Based on the settings of your F-Secure security product, it will either move the file to the quarantine where it cannot spread or cause harm, or remove it.
The vulnerabilities leveraged by exploits are usually application or platform specific; in other words, a specific program (or even a specific version of a particular program) must be installed on the machine in order for the exploit to be effective.
To prevent exploitation of such vulnerabilities, please refer to the application vendor for the latest updates and additional advice.
A False Positive is when a file is incorrectly detected as harmful, usually because its code or behavior resembles known harmful programs. A False Positive will usually be fixed in a subsequent database update without any action needed on your part. If you wish, you may also:
Check for the latest database updates
First check if your F-Secure security program is using the latest detection database updates, then try scanning the file again.
Submit a sample
After checking, if you still believe the file is incorrectly detected, you can submit a sample of it for re-analysis.
NOTE If the file was moved to quarantine, you need to collect the file from quarantine before you can submit it.
Exclude a file from further scanning
If you are certain that the file is safe and want to continue using it, you can exclude it from further scanning by the F-Secure security product.
Note You need administrative rights to change the settings.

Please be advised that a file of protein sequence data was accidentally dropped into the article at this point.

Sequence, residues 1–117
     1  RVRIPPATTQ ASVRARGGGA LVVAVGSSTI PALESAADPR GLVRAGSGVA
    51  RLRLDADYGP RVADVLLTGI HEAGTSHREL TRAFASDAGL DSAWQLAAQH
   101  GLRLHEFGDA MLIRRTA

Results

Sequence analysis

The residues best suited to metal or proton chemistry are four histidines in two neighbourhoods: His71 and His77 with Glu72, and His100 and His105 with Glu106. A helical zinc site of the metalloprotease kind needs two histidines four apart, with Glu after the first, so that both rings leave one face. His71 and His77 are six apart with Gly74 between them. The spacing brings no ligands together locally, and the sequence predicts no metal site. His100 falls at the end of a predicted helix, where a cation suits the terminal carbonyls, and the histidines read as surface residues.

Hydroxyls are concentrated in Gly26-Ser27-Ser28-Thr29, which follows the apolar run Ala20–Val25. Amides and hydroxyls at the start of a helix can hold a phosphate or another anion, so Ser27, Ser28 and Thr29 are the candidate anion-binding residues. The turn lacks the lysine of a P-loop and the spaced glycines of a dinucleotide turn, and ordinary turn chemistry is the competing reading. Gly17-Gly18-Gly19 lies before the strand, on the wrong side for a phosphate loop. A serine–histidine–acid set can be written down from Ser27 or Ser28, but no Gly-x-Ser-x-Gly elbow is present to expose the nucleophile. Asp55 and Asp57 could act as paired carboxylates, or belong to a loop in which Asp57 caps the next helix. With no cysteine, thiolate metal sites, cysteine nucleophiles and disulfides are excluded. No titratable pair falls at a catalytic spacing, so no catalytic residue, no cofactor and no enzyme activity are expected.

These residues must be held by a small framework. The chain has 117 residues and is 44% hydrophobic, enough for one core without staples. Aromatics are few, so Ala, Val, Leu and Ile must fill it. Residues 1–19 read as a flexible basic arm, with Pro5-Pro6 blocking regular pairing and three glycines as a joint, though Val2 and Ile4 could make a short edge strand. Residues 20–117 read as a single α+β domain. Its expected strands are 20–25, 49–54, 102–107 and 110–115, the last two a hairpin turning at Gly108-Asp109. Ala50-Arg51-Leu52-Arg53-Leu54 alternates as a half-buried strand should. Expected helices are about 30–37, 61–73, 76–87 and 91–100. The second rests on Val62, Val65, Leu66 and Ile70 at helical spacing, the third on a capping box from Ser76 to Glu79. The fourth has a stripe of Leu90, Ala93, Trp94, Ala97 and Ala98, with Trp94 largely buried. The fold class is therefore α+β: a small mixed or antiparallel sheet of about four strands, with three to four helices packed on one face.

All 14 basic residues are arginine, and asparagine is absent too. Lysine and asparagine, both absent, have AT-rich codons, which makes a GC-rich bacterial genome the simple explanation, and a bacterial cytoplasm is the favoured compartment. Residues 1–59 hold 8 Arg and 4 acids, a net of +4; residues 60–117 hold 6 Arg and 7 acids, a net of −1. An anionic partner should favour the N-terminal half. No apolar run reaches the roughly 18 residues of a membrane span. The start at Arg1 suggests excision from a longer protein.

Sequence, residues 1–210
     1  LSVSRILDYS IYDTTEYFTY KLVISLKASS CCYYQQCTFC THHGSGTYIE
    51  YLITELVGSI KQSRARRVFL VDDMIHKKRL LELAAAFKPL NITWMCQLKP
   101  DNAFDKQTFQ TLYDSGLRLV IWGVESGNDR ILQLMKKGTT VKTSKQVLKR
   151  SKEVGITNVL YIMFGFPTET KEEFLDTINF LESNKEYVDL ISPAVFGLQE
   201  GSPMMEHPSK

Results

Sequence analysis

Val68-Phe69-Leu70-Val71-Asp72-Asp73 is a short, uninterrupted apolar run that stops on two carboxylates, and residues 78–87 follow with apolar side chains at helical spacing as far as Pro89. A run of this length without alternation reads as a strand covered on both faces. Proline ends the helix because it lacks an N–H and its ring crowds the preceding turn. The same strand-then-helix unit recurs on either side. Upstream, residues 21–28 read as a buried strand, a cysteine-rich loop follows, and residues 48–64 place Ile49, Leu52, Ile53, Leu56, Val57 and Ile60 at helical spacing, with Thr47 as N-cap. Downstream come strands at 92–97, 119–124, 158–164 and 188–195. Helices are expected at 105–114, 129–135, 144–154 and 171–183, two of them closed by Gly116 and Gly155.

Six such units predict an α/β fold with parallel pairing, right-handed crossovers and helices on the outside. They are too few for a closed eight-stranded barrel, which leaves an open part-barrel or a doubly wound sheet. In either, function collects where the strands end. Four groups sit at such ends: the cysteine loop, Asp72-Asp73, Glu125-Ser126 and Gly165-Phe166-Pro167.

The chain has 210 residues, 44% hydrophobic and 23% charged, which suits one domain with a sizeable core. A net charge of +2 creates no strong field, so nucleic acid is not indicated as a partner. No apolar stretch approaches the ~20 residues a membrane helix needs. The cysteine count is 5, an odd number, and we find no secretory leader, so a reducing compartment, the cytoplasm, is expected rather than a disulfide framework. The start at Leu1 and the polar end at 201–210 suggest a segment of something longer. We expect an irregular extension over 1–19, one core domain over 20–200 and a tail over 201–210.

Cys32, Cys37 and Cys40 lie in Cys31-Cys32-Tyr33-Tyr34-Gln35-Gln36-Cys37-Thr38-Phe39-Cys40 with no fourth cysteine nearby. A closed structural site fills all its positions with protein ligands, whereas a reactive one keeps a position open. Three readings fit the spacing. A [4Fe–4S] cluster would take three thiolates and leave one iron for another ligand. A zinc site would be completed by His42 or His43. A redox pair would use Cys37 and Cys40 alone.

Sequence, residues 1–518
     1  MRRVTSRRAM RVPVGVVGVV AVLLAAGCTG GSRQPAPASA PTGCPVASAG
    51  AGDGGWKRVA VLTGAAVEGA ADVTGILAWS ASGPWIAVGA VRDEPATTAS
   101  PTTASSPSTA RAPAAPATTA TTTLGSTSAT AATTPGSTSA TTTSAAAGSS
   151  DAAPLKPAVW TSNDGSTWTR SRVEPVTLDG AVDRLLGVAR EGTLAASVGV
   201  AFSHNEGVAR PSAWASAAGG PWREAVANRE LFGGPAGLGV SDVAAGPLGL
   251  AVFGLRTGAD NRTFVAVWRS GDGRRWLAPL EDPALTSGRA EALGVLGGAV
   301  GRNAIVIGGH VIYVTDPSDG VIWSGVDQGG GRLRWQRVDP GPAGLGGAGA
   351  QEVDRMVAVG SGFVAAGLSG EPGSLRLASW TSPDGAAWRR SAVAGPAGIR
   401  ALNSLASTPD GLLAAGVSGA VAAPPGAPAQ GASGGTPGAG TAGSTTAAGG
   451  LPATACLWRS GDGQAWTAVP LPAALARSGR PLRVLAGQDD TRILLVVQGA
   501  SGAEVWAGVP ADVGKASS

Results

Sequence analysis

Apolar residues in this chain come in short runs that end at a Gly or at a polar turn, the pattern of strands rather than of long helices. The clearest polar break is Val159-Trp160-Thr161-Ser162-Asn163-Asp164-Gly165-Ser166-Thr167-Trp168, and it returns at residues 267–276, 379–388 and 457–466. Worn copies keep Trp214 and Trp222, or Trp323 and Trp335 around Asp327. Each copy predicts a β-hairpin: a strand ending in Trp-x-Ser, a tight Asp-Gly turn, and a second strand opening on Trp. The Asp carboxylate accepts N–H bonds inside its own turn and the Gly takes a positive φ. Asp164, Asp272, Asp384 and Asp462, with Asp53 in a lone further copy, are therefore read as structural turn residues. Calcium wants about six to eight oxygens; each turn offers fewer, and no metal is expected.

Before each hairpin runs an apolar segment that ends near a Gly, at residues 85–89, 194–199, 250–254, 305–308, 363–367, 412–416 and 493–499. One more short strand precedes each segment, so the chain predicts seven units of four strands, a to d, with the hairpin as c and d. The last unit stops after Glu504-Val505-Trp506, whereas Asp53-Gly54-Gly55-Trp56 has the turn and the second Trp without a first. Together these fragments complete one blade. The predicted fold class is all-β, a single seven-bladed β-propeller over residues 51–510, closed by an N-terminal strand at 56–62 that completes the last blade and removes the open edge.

Exploit kits are a form of 'crimeware' - a specialized utility program that is created and sold to facilitate illegal computer-related activity.
Each exploit kit has a library or collection of exploits that it can use to target vulnerabilities in different types of computers, devices, programs and so on. They are also usually designed so that their library can be updated easily whenever new exploits are released for recently discovered vulnerabilities. This makes it easy for the kit's operators to keep up-to-date and effective.
Exploit kits are often planted by attackers on a webpage, where they can silently probe the computer or device of any visitor that views the page. The webpage may either be deliberately created by an attacker to contain the exploit kit, or it may be a legitimate page that was compromised by an attacker who then injected the kit onto it.
When a user views the webpage, the exploit kit silently probes their computer or device to see if it has any vulnerabilities that the kit can target with one of the exploits in its library. If one is found, the kit will launch the appropriate exploit for it.
If the exploit successfully compromises the user's computer or device, the exploit kit then proceeds with its actual payload, which may range from installing components on the affected system, stealing data and so on.
Examples of exploit kits include AnglerEK, Fiesta, Styx, SweetOrange, Archie and Astrum. For more information on these kits:
For more about exploit kits, see Article: Exploit Kits